Steven Spielberg's harrowing historical drama on Oscar Schindler saving over a thousand Jews from certain death can be taken as a historical document on the darkest chapter in human civilization, but it also acts as a searing commentary on how world leaders (including the Clinton Administration) turned a blind eye to the suffering of the Rwandan people during the wars in the African region. Philadelphia was a film full of subtle anger and sorrow over how we largely ignored the AIDS epidemic (and the plight of gay Americans), believing it to only be contained within the gay community. And Spike Lee's biopic on the controversial civil rights leader of the 1950's and 60's came at the heels of the Rodney King beatings, where the filmmaker used the chilling event, caught on videotape, to furiously declare that African Americans were living in an American nightmare. Selma is a film about the grassroots portion of the Civil Rights movement, but to say it's purely that is being very disingenuous.

DuVernay is grabbing us - forcing us is a more apt description - and making us see that the issues Dr. King, and countless other brave souls fought and died for, aren't just issues of the past: they're the same issues we're facing now; with the Supreme Court striking down Section 4 of the Voting Rights Act, Republican governors in numerous states disenfranchising minority voters, via Voting I.D. laws, and story after story of police using excessive and deadly force on unarmed African-American youth, the struggle against racial injustice continues. I will admit that I chose Selma because it it's an important and an urgent film, but I also chose it because of the skill of DuVernay's direction, the perfect screenplay of Paul Webb, the soulful performance of David Oywello as King, and the terrific cinematography of Bradford Young, capturing the chaotic nature of the time. It is simply a classic of the first order, a vital historical document, and a passionate, urgent commentary that we need to stand up and fight injustice wherever it festers.


As promised, here is the full list:

1. Selma
2. Boyhood
3. Birdman Or (The Unexpected Virtue of Ignorance)
4. Gone Girl
5. The Wind Rises
6. Whiplash
7. Nightcrawler
8. Wild
9. Beyond the Lights
10. Dawn of the Planet of the Apes

Comments

  1. I really like your top 10. I agree with 5 of your picks, but need to re-see Dawn of the Planet of the Apes, and still see Beyond the Lights and The Wind Rises.

    ReplyDelete

Post a Comment

Popular posts from this blog

Lost in Translation

I think it's fair to assume that a lot of us were very skeptical upon hearing that Masmure Shinrow's cyberpunk manga Ghost in the Shell was being updated for mainstream audiences, in the form of a live-action film. We've seen how this business has handled manga/Anime properties in the past, and the track record, outside of the Wachowskis' Speed Racer, has been dismal, to say the least. When it was revealed that Scarlett Johansson was chosen to play Major Motoko Kusanagi, the Internet went ablaze, the cries that studio suits were whitewashing a beloved Anime character, as well as petitions making the rounds to remove the actress from the role in favor of an Asian actress to carry the role. When the first trailer dropped in mid-November of last year, I think most of us were blown away with just how, on a surface level, it looked like the live-action version might do the original source material justice.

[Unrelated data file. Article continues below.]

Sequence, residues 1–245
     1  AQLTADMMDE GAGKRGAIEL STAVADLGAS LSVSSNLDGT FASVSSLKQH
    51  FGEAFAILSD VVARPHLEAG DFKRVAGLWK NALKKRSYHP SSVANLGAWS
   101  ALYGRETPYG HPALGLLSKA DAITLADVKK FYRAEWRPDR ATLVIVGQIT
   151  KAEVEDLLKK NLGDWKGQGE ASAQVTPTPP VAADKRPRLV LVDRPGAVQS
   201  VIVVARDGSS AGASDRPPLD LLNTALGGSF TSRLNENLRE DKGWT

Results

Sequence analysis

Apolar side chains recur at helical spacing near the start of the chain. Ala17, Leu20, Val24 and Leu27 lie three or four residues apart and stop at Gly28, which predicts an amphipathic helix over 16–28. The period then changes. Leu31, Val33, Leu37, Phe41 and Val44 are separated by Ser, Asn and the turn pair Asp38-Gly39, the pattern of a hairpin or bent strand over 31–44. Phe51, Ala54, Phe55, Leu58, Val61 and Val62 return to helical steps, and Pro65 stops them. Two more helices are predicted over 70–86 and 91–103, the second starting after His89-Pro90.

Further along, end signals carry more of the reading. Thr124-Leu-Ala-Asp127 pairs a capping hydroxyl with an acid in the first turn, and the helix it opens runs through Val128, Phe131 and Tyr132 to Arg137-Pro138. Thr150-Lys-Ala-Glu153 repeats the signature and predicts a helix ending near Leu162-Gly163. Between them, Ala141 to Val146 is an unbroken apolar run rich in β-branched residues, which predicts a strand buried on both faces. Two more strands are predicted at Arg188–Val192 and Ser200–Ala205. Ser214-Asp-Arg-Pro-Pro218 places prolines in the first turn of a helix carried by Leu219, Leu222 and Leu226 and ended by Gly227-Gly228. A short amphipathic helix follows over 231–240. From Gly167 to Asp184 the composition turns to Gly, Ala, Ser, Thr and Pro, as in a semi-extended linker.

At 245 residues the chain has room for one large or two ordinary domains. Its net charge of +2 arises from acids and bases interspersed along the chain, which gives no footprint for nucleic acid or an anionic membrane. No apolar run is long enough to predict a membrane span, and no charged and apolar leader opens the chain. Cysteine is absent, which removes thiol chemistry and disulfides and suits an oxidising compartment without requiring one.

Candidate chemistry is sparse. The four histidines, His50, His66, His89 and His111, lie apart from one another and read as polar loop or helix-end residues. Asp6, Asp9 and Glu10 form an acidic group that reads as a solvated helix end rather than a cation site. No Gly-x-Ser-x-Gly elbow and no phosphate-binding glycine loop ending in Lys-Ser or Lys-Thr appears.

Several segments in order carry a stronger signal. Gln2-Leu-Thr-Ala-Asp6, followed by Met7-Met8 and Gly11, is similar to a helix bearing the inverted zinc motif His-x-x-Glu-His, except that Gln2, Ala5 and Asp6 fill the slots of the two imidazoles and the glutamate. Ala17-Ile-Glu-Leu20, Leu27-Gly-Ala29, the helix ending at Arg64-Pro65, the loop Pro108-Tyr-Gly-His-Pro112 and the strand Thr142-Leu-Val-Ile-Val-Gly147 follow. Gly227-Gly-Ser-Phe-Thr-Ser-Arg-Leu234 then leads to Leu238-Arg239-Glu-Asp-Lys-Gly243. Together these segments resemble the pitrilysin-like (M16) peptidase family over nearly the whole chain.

Then, the actual film was released.

It's hard to talk about the …

Spare Me

Sometimes you find something so incredibly stupid and so utterly irresponsible on social media that you have to address it. Last weekend was the Peoples' Summit in Chicago, where a coalition of Sanders supporters and left-wing activists flocked to a three-day event to discuss about where the movement, which started back in 2016 behind then-candidate Bernie Sanders, would and should go in the Trump era, including whether the Democratic Party can be (or should be) saved, or if the time has come to abandon the party and start a new People's party instead. Enter The Young Turks correspondent Nomiki Konst and her thoughts on why the Democratic establishment should accept and embrace independents who don't lean either with the R's or D's in primary battles.
"No open primaries for Democratic Party equals voter suppression and racism with young independent voters" @NomikiKonst#PPLSummit — Holly Mosher (@FilmsForChange) June 10, 2017
*Rolls eyes HARD for several m…

Transformers: The One Good Movie

A bit of backstory here: I was at a bar last Saturday night, chatting with fellow film fan Mason Daniel via social media when an ad for Michael Bay's latest Transformers flick, The Last Knight, appeared on television, in which I had said that I would talk about each of the last four films before I (eventually) pay to see the fifth installment of the franchise. Also, I need to get back into writing and reviewing movies, because given everything that's happened in the world, and everything that has yet come to pass, I could use the distraction and escape. What better way to do that than to revisit the site's original whipping boy (before Jimmy Dore took the crown recently) and his soul-crushing franchise of noise and destruction?

Oh, Michael Bay. You and I have had a long, contentious relationship - most of it (extremely) negative. However, I do think his talent, purely from a visual aspect, is to be commended: every last one of his films has a slick Hollywood feel and shine…